I cut out a donut from a piece of cardboard we had lying around and wound wool around it to cover. Then, I looked up a number of leaf crochet patterns and got hooking…I used the patterns as  base and got a bit creative making a variety of leaves (to see where I started, check out the patterns here, here & here.). Once I’d made all the leaves I expected I needed, I gave them a quick block (they were quite curly) and then I started arranging them on the wreath base (aka donut). I used hot glue to join them all together and once I’d gotten the leaves in place, I made a few red berries to add a pop of colour.

I only finished the wreath the day prior to us driving up to Redcliffs (near Mildura, where Simon’s folks leave) for Christmas, so we took it with us and hung it up at his parents house. I look forward to having the wreath hanging on our door for Christmas 2018.

Forty-Three & Forty-Four: Blanket bender – Part II

You may remember that a month or two ago I wrote about my crocheting blanket bender, where I’d set myself the goal of making blankets for each of my nieces and nephews for Christmas this year (minus the youngest who got one when he was born in February). Well, sadly this bender has come to an end as I’ve finished the final two creations (sad, as I no longer have a large crochet project to work on!). But I’m not really that sad at all, because these two blankets look spectacular!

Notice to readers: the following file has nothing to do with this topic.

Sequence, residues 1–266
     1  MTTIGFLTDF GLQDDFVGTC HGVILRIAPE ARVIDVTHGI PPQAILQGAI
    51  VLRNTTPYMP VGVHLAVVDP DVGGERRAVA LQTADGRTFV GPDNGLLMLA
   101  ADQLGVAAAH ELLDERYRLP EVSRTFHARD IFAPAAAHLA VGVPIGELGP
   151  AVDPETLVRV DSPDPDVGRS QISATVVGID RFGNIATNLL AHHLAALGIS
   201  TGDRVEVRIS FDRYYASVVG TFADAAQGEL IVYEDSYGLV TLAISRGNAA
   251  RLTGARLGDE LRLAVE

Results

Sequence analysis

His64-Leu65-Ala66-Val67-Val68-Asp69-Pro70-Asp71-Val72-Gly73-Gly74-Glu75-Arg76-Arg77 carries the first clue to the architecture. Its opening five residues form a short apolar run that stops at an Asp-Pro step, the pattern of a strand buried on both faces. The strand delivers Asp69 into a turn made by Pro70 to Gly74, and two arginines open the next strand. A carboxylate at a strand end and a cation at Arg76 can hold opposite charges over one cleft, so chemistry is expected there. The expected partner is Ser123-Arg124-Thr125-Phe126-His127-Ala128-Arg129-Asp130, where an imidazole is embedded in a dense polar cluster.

I started work on a green blanket for Arthur a few months ago, a patchwork style of a number of different yarns (again all sourced second hand, special thanks to my mother-in-law, Chris who found some for me). The blanket is made up of 30 different squares of double crochet, which I aimed to make all the same size. This proved a little troublesome given the different plies of the yarns I was using, but I managed to go reasonably well all things considered.


My last blanket was for my niece Evelyn. A few months ago I went through all of the granny squares I’d made when I first started crocheting that I intended to turn into one large blanket to use at home. I decided that I’m too OCD to have such a mismatched blanket and instead chose a number of squares in a pink/purple/grey/navy palette to make Evelyn’s blanket.  After making half a dozen or so more complementary squares I stitched it all together and Zara’s your aunty!